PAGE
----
Supercollector: A Critique of Charles Saatchi

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Ellipsis, 2000 - Art - 288 pages
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A detailed examination of the advertising mogul and art collector Charles Saatchi, a man who is estimated to spend L2 million a year buying contemporary art, displaying it in his own gallery in north London and, famously, at the 'Sensation' exhibition which opened at the Royal Academy before touring to Berlin and the Brooklyn Museum, an event that provoked an extraordinary clash between art and politics.

Regarded by many as a modern Medici, Saatchi exercises tremendous power in the international contemporary art market. He can make and break artists' reputations, and he has had the power to define the character and direction of recent British art.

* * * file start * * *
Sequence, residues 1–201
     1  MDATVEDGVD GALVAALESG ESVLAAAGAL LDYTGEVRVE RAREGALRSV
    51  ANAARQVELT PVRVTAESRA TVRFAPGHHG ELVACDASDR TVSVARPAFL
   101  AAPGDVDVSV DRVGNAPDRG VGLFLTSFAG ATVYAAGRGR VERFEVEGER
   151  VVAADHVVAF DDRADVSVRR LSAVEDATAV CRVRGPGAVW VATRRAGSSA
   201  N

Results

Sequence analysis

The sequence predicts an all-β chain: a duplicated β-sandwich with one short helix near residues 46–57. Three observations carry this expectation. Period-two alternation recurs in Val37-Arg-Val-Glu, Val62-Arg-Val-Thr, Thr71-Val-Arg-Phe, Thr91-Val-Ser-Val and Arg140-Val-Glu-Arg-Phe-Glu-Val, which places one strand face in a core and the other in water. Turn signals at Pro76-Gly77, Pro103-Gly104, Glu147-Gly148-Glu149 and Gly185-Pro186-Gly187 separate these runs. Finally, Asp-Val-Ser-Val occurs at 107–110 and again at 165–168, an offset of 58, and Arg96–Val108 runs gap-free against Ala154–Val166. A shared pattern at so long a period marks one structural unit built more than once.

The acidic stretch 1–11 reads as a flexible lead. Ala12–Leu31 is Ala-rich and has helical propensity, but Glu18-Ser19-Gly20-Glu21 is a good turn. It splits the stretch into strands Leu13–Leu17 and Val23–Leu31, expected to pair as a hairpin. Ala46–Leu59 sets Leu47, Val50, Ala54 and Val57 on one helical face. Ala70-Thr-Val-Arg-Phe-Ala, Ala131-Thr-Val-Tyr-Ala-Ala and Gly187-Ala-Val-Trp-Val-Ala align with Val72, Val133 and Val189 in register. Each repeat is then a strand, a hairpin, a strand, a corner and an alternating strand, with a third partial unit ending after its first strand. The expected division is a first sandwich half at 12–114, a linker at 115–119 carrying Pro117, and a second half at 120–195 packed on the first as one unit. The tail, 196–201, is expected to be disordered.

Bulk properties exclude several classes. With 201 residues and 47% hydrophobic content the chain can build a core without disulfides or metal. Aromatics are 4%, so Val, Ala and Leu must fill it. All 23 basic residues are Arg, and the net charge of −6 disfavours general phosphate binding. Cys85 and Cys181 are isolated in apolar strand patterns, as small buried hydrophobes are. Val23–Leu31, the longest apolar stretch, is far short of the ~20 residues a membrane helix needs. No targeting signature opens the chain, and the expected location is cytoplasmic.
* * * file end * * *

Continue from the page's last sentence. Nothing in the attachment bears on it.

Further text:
Surprisingly, this is the first book to look at Charles Saatchi as art collector. While it quotes a range of opinions, the book is primarily a critique written from a socialist standpoint, applying ideas derived from a number of sociologists including Marx, Moulin and Veblen.

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Art and Advertising
Joan Gibbons
Limited preview - 2005
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About the author (2000)

Hatton is an art historian, a graduate of Middlesex University where she wrote a dissertation on the relationship between art and advertising.

Reader in Art Design History at Middlesex University, UK.

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